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Questions for low and high single digit handicappers


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Earlier this year I realized that this game was the only hobby/obsession I actually cared about. I decided, from that realization, that I was tired of being mediocre/ average at the game.  I started really trying to focus on specific aspects of my game, practice with purpose, and play by the rules.  It's been a rough transition but I feel like I'm trending in the right direction.  I have no illusions of getting to scratch but I think cracking into the single digits in the next couple of years and getting to a 5 after that is something that is attainable for me eventually.  I've felt like I'm on the edge of some good golf for a couple months now and I have some questions for those of you that have made the transition from mid to single digits and for those of you that have gotten to the lower half of single digits.

  • When you went from mid to single digits was it like an 'aha' moment where everything just clicked and you had a breakthrough or was it a slow and steady improvement over time?
  • What's a realistic timeline to go from my current 14.5 to a 9.9 if I'm playing 1-2 times a week and practicing at least once a week as well.  (I'm also finally going to get some lessons in the next couple months)
  • I've been hammering away at getting a better short game and learning course management.  Is there anything else I should specifically focus on?
  • What were some of the things that specifically helped you improve your game?
  • Are there some metrics that I should be aiming for in regards to GIR, FIR, putts?
  • Is there anything else you think would be helpful to me?
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28 minutes ago, Syks7 said:

Earlier this year I realized that this game was the only hobby/obsession I actually cared about. I decided, from that realization, that I was tired of being mediocre/ average at the game.  I started really trying to focus on specific aspects of my game, practice with purpose, and play by the rules.  It's been a rough transition but I feel like I'm trending in the right direction.  I have no illusions of getting to scratch but I think cracking into the single digits in the next couple of years and getting to a 5 after that is something that is attainable for me eventually.  I've felt like I'm on the edge of some good golf for a couple months now and I have some questions for those of you that have made the transition from mid to single digits and for those of you that have gotten to the lower half of single digits.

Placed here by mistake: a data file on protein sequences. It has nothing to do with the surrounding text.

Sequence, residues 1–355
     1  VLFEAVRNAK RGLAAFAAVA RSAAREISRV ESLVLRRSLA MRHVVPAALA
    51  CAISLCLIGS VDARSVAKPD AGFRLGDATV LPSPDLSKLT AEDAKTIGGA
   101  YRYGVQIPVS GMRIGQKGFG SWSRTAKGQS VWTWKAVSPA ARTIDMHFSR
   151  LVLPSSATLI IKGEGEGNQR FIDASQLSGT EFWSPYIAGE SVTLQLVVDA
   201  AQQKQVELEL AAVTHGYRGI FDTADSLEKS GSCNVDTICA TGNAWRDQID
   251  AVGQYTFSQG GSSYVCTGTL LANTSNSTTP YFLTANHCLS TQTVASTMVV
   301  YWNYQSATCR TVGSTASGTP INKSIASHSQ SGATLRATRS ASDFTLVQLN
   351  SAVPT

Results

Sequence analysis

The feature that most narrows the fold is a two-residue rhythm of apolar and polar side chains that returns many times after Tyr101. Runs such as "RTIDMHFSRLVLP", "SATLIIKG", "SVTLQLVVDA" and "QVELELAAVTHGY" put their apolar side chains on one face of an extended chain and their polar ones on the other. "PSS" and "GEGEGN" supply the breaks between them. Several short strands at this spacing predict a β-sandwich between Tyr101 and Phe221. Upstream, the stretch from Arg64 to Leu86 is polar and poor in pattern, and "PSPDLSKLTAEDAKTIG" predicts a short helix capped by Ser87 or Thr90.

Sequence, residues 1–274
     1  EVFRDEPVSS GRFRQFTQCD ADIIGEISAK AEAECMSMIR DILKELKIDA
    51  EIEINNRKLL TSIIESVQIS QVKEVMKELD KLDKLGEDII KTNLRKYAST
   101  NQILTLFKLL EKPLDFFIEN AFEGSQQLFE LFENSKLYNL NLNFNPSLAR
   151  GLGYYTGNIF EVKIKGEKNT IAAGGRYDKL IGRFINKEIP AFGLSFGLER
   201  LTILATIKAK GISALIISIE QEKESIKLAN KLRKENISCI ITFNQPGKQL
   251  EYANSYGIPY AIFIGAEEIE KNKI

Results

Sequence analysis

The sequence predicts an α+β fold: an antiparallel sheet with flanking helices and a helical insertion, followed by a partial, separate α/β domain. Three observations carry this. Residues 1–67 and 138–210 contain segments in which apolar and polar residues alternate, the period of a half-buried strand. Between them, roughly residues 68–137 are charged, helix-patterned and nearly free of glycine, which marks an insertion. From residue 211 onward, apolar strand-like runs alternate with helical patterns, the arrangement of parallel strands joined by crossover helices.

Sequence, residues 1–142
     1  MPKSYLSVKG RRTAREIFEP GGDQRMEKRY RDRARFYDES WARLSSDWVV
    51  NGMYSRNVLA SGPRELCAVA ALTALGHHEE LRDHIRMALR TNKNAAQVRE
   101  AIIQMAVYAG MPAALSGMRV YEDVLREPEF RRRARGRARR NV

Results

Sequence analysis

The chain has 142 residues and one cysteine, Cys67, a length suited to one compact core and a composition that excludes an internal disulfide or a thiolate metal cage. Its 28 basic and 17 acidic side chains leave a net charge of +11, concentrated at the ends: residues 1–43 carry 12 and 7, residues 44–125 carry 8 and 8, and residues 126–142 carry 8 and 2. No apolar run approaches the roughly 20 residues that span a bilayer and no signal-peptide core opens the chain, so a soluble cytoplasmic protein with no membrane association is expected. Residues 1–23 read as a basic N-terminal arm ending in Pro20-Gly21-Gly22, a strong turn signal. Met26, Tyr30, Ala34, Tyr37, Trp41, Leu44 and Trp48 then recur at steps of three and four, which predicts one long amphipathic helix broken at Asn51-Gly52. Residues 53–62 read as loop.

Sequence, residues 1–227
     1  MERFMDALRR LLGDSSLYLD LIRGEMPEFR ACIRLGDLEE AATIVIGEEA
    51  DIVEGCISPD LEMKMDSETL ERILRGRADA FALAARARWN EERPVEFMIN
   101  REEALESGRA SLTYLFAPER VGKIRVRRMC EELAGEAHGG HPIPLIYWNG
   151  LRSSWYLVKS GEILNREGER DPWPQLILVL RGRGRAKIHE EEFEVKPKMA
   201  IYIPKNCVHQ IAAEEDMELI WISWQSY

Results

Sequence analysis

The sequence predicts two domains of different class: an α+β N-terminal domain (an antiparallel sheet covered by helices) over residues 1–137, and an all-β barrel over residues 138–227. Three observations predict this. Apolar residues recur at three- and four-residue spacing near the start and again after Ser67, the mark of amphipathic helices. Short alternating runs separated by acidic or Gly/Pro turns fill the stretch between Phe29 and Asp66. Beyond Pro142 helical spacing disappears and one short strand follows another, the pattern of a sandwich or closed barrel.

• When you went from mid to single digits was it like an 'aha' moment where everything just clicked and you had a breakthrough or was it a slow and steady improvement over time?
  • What's a realistic timeline to go from my current 14.5 to a 9.9 if I'm playing 1-2 times a week and practicing at least once a week as well.  (I'm also finally going to get some lessons in the next couple months)
  • I've been hammering away at getting a better short game and learning course management.  Is there anything else I should specifically focus on?
  • What were some of the things that specifically helped you improve your game?
  • Are there some metrics that I should be aiming for in regards to GIR, FIR, putts?
  • Is there anything else you think would be helpful to me?

No,  wasn’t an aha moment, it was an avoidance of scores worse than bogey.  The key to better golf is avoiding anything worse than a bogey and penalty shots.  
 

I don’t  think there is a definitive timeline as everyone is different.   The first question would be why aren’t you below 10 now; what is foisting you strokes?  
 

Course management and understanding expectations are probably the biggest areas to focus on.  How do you approach each hole? Do you flag hunt or aim for the fat side if the green?  
 

those metrics can be meaningless without additional information.   Just saw a mark crossfield video that quoted some FIR stats and 20+ handicaps down to 0 average 46-50% FIR.  The bigger thing to look at  would be to assess if you have a reasonable s*** to the green after your tee shot.  GIR isn’t a bad statistic to look at as the more greens you hit generally the lower you typically score.   Putts per round can be deceiving because if you miss greens your putt total is typically lower than if you hit all the greens.   
 

i personally like Decade and here are some metrics to look at:  https://golf.com/instruction/5-golden-scoring-rules-scott-fawcett/  When I look at those metrics it is easy to see why my handicap is going the wrong way.  

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9 hours ago, Syks7 said:

 

  • When you went from mid to single digits was it like an 'aha' moment where everything just clicked and you had a breakthrough or was it a slow and steady improvement over time?